- Family history of early heart disease
- Father or brother diagnosed before age 55
- Mother or sister diagnosed before age 65
- Diabetes mellitus
- High blood cholesterol
- High blood pressure
- Cigarette smoking
- Physical inactivity
Even though the symptoms of a heart attack at times can be vague and mild, it is important to remember that heart attacks producing no symptoms or only mild symptoms can be just as serious and life-threatening as heart attacks that cause severe chest pain. Too often patients attribute heart attack symptoms to “indigestion,” “fatigue,” or “stress,” and consequently delay seeking prompt medical attention.
Heart attacks frequently occur from 4:00 A.M. to 10:00 A.M. due to higher adrenaline amounts released from the adrenal glands during the morning hours. Increased adrenaline in the bloodstream can contribute to the rupture of the plaque that causes the formation of the clot and the eventual heart attack.
Studies have found that, at least in northern regions, heart attacks may occur more often in the winter months. Heart attacks do not usually happen during exercise, although exercise is commonly associated with exertional angina. Approximately one quarter of all heart attacks are silent, without chest pain. In diabetics, the incidence of “silent” heart attacks may be much higher.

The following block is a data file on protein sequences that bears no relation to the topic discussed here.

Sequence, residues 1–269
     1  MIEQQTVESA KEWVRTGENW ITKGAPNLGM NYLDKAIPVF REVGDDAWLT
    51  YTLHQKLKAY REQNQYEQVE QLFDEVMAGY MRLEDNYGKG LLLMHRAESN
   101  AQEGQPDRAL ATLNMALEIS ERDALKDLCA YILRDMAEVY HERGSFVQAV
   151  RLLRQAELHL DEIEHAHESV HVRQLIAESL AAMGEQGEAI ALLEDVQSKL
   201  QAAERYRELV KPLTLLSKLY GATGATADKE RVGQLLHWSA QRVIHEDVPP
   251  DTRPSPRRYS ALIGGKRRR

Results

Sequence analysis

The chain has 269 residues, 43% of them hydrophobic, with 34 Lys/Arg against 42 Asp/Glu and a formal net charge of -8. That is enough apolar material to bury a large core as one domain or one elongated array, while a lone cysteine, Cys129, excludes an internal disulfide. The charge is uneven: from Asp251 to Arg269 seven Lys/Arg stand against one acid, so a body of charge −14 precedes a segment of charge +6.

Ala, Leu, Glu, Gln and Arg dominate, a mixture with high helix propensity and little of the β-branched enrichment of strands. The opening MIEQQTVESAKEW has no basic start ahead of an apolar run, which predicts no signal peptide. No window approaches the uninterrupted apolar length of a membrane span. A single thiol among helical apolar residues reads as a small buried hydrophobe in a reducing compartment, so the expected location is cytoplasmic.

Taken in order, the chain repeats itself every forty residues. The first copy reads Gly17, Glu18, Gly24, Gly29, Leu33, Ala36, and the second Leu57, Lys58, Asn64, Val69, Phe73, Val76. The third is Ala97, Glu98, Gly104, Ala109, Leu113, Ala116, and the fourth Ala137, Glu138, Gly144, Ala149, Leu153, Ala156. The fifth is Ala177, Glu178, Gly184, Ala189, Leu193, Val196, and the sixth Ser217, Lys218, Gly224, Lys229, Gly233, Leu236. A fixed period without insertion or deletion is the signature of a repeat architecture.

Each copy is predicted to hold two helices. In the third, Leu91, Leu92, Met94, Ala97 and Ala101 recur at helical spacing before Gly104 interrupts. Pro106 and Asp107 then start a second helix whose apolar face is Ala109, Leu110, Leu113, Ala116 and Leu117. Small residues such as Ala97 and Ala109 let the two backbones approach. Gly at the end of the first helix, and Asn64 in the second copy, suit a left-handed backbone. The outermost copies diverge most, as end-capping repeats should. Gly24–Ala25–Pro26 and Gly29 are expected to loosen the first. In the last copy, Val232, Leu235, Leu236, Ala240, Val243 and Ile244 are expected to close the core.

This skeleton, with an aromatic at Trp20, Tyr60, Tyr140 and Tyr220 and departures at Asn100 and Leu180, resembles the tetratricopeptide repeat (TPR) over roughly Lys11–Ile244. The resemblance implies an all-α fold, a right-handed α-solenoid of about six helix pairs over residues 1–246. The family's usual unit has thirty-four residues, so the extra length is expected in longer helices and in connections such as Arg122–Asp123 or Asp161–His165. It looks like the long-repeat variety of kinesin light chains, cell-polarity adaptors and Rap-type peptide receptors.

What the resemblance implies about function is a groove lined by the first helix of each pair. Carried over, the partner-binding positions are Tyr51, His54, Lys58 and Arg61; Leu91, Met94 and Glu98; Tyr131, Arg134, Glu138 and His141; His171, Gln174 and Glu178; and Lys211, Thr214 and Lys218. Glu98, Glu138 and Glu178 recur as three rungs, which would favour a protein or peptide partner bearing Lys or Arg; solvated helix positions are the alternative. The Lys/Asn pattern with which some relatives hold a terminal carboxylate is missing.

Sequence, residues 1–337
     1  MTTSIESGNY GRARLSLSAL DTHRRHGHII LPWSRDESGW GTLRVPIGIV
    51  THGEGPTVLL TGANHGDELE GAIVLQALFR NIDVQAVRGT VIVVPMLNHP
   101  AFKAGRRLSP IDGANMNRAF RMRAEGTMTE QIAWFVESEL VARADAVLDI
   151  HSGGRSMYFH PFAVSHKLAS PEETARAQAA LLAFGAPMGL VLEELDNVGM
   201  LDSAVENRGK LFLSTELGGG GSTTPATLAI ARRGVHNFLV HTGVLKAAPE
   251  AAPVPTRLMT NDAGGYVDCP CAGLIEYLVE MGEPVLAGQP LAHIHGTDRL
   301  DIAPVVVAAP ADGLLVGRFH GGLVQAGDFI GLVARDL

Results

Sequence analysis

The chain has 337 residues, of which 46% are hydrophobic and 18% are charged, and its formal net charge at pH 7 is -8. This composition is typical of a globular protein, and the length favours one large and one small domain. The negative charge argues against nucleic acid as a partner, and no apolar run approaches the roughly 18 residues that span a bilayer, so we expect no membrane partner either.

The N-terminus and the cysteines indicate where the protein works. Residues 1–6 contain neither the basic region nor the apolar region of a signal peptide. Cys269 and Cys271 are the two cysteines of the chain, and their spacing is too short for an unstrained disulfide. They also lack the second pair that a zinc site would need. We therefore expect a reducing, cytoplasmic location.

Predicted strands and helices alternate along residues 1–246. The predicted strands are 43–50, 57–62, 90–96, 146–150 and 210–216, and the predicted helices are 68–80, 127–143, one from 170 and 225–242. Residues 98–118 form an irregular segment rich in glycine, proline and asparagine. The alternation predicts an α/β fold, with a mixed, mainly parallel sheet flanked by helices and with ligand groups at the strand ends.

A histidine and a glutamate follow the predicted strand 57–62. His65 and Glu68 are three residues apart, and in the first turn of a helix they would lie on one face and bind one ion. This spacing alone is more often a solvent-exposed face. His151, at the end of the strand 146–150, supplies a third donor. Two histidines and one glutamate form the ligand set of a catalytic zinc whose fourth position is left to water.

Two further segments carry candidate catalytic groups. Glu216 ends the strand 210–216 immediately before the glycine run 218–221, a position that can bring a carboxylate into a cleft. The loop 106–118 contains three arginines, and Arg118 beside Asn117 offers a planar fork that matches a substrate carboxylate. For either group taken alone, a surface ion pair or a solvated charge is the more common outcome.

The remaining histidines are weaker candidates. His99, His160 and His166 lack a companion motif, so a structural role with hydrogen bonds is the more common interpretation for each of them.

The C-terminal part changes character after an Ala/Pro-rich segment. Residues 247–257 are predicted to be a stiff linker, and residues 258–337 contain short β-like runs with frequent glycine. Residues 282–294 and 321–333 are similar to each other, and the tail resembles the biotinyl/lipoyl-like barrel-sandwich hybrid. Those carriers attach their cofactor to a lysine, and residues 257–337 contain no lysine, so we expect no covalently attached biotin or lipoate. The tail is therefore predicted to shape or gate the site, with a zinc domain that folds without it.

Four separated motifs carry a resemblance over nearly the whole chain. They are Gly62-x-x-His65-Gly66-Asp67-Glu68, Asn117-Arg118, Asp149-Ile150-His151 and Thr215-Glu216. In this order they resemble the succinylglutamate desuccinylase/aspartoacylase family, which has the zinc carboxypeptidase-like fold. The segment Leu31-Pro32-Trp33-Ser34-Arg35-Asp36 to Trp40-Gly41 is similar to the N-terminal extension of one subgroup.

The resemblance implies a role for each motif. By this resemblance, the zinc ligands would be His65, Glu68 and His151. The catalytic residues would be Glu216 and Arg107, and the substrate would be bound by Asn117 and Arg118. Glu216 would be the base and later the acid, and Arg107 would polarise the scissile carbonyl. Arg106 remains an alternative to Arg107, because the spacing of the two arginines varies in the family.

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- American Heart Assoc. (2007) ABCs of Preventing Heart Disease, Stroke and Heart Attack. http://www.americanheart.org/presenter.jhtml?identifier=3035374
- American Heart Assoc. (2006) Heart Attack, Stroke and Cardiac Arrest Warning Signs. http://www.americanheart.org/presenter.jhtml?identifier=3053
- Collins R, Peto R, MacMahon S, et al. (1990). “Blood pressure, stroke, and coronary heart disease. Part 2, Short-term reductions in blood pressure: overview of randomised drug trials in their epidemiological context”. Lancet 335 (8693): 827â€“38.
- http://www.nhlbi.nih.gov/health/public/heart/index.htm: a directory of heart disease prevention and treatment information for patients and the public
- http://www.nhlbi.nih.gov/health/public/heart/chol/hbc_what.htm: a patient brochure, “High Blood Cholesterolâ€”What You Need To Know“